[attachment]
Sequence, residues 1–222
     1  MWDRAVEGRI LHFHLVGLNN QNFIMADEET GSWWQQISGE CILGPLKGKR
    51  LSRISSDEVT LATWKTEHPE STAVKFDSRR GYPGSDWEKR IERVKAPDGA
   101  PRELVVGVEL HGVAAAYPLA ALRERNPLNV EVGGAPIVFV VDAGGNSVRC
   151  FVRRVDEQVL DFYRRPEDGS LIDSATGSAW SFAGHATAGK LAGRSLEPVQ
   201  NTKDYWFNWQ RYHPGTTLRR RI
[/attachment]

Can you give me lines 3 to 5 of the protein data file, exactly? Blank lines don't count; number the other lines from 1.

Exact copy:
    51  LSRISSDEVT LATWKTEHPE STAVKFDSRR GYPGSDWEKR IERVKAPDGA
   101  PRELVVGVEL HGVAAAYPLA ALRERNPLNV EVGGAPIVFV VDAGGNSVRC
   151  FVRRVDEQVL DFYRRPEDGS LIDSATGSAW SFAGHATAGK LAGRSLEPVQ